The Olympic Games had been home to some of the greatest human feats in history. It was, and still continues to be the proving ground for athletes all over the world as they compete for their country’s pride and the chance to achieve greatness in their sport.
The world witnessed many achievements in the halls of sporting events with the help of world class athletes. Their feats inspire many people to take greatness in their grasp and aspire for sportsmanship above all else. 1968’s Olympic Games in Mexico became a significant moment in the career of athletes but it was not just the medals handed out to winners that made it memorable. It was a symbol of protest that stood out among the sea of athletes: it was a pair of fists in black gloves raised to a salute that defined the moment. John Dominis stood behind the lens to capture this salute that would inspire change in the world of civil rights.
Track runners Tommie Smith and John Carlos won Gold and Bronze medals respectively an took to the podium for the awarding. As the U.S. National Anthem played, the two Olympic medalists took their fists into the air as a salute to civil rights struggle. With heads bowed down, the two track runners kept the solemn stance and received jeers and boos from the crowd as the anthem drew to a close.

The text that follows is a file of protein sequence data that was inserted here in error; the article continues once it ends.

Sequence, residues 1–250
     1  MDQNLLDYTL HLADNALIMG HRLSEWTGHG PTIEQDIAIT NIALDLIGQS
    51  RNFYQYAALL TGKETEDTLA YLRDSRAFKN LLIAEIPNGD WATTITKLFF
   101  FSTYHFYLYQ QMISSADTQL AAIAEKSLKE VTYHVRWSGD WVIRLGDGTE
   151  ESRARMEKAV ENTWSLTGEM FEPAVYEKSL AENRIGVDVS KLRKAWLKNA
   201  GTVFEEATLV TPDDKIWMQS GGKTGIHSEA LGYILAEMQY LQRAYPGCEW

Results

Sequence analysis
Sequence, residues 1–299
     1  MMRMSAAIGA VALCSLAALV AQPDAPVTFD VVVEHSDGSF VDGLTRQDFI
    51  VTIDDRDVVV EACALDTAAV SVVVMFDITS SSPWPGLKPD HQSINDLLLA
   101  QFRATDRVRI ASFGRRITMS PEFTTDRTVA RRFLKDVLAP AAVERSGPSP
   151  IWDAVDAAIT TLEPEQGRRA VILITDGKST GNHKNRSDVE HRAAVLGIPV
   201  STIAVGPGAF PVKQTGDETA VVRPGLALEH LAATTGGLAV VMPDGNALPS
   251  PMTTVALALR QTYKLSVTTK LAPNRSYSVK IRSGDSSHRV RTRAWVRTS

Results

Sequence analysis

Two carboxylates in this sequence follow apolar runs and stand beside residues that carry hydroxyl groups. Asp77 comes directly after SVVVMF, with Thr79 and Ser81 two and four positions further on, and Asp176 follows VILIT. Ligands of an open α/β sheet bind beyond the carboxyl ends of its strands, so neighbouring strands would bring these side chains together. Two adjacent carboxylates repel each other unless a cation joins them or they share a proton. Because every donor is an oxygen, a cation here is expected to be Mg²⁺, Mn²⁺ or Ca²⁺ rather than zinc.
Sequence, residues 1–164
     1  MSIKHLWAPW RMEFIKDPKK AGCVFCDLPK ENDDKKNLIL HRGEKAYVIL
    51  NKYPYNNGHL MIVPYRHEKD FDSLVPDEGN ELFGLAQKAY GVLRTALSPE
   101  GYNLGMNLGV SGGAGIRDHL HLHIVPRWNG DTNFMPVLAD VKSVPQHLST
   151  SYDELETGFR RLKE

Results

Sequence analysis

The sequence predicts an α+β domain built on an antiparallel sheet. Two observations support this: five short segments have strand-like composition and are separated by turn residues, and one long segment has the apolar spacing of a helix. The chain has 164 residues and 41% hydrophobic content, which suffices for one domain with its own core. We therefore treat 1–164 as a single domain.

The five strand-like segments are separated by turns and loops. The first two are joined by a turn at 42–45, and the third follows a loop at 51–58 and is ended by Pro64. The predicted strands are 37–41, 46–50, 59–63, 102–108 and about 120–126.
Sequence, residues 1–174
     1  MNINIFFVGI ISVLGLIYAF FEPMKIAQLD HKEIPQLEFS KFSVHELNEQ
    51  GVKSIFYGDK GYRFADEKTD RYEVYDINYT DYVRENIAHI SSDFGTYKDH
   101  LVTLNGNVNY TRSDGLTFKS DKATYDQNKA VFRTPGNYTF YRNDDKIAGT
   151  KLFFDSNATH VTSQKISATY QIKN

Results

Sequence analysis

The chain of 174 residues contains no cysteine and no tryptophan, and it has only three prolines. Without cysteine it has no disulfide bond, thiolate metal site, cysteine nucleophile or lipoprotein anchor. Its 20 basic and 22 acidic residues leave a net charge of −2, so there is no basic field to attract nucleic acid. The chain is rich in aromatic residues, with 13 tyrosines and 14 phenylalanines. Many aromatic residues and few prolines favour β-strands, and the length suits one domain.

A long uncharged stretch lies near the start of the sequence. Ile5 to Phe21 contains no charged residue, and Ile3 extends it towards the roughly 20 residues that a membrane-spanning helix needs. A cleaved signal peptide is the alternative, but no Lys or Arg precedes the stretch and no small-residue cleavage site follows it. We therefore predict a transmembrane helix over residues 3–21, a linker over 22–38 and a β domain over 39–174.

The feat incited reprimands and controversy during the Games as well as the world but the two athletes were resolute in their tribute to the many racial injustices that had happened in the world. Both Smith and Carlos were expelled from the Games. Peter Norman, the Australian who won the Silver Medal for track gave support to the cause of the two competitors by wearing a human rights badge on his jacket. The iconic moment in the history of sport continues to inspire change and progress in the talks of civil rights and racial discrimination.
Our intention with the Influential Photographs columns is not to glorify or demean the subject of the photo. Our intention with this column is to highlight the most influential analogue photographs of history. The photographs we feature are considered icons, for their composition, subject matter, or avant-garde artistic value.